• The original model changed, making it difficult to attribute changes in outcome to specific services, or affecting the sample size as changes to the model may result in people receiving different versions of the initial service.
  • The implementation phase took longer than expected, so patients have not been in the service long enough to demonstrate any change in outcome.
  • Even after implementation there may have been challenges in delivery or recruitment – reducing the number of individuals in the intervention group to demonstrate any change in outcome.
  • Something in the external environment changed (for example money available) and as a result the proposal needed to be radically altered.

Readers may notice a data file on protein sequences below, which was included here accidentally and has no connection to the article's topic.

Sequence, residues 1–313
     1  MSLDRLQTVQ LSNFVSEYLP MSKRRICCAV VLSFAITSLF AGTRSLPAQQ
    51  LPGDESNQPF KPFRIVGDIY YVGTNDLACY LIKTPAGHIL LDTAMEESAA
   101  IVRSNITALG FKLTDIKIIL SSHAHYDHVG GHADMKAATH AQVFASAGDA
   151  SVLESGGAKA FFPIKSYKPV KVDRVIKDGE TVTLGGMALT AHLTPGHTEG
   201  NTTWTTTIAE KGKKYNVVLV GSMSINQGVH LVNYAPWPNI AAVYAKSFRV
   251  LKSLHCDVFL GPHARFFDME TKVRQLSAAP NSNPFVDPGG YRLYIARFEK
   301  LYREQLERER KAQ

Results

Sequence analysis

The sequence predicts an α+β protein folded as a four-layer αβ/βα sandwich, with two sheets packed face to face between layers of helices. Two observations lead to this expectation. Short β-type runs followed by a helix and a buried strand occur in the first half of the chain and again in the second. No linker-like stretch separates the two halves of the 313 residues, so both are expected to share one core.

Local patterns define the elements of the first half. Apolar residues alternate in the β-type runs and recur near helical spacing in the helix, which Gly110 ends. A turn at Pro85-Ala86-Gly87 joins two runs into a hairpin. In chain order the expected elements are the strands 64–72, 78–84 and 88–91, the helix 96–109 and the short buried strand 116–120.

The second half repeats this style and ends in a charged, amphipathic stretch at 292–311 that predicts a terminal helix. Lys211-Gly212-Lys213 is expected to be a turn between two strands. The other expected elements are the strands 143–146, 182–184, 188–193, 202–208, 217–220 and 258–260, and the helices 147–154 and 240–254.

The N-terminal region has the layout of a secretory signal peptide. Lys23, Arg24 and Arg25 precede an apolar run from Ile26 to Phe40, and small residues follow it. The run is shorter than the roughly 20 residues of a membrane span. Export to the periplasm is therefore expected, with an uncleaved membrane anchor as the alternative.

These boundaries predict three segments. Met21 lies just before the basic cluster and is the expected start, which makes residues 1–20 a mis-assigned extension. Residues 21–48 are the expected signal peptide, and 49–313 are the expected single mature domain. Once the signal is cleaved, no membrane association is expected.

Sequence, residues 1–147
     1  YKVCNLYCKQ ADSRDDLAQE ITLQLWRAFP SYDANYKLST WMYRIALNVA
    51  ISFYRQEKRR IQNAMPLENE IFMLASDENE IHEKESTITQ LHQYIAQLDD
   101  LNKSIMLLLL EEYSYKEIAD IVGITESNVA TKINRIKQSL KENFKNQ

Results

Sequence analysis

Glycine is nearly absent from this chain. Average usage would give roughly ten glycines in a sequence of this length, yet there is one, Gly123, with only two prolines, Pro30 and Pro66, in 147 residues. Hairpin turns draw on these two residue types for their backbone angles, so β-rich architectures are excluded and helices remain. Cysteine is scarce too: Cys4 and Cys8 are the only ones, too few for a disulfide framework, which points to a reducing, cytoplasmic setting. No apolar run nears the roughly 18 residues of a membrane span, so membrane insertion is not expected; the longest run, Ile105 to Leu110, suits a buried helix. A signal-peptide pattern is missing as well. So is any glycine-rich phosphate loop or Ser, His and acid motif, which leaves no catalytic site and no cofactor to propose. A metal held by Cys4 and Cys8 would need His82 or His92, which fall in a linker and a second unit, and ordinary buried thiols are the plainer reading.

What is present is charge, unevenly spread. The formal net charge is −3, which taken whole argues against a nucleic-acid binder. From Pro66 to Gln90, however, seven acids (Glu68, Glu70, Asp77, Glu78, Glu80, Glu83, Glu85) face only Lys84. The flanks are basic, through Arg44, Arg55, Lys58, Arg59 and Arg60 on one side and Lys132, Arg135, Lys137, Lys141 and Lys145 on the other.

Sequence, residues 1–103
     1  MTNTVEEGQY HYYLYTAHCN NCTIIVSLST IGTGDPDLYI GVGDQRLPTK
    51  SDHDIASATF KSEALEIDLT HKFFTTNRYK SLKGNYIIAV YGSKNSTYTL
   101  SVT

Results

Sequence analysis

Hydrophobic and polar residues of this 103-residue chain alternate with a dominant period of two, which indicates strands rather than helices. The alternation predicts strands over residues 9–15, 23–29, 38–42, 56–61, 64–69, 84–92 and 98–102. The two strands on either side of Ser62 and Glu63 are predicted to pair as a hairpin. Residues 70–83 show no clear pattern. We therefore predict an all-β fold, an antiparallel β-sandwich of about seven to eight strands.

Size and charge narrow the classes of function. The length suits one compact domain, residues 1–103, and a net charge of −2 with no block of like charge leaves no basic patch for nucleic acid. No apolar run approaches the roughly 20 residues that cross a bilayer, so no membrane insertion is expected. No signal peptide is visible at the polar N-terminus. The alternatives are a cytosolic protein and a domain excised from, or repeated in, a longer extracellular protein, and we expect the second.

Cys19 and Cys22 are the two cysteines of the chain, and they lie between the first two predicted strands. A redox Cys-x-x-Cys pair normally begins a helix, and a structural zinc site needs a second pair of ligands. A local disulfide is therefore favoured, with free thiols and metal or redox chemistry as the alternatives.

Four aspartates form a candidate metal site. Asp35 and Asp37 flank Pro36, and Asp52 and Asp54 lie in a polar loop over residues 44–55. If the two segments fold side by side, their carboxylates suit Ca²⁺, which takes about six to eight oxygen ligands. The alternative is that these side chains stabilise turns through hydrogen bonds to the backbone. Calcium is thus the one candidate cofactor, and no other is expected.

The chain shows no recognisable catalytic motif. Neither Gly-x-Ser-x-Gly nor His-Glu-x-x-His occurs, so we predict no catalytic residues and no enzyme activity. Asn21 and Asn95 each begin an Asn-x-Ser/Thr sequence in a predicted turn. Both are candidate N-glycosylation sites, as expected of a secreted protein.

Also, there is often reason to question the reproducibility of the findings, since it is frequently not clear how much of the success was down to the energy and talent of a few motivated individuals rather than the service design in isolation. It is also unclear whether rapid expansion of local schemes to the whole population/area would radically alter the characteristics of the individuals given the intervention – and therefore impact on the scale of benefits.

The challenges of trying to achieve complex service redesign and demonstrate measurable outcomes in practice does not mean that we have to give up on being more robust about how we judge success: it prompts us to think of innovative approaches to evaluation.